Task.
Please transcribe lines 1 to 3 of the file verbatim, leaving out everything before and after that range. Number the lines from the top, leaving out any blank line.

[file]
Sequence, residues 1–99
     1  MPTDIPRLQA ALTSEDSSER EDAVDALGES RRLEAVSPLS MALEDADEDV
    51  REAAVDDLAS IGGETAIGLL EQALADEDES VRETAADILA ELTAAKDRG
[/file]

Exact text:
Sequence, residues 1–99
     1  MPTDIPRLQA ALTSEDSSER EDAVDALGES RRLEAVSPLS MALEDADEDV
    51  REAAVDDLAS IGGETAIGLL EQALADEDES VRETAADILA ELTAAKDRG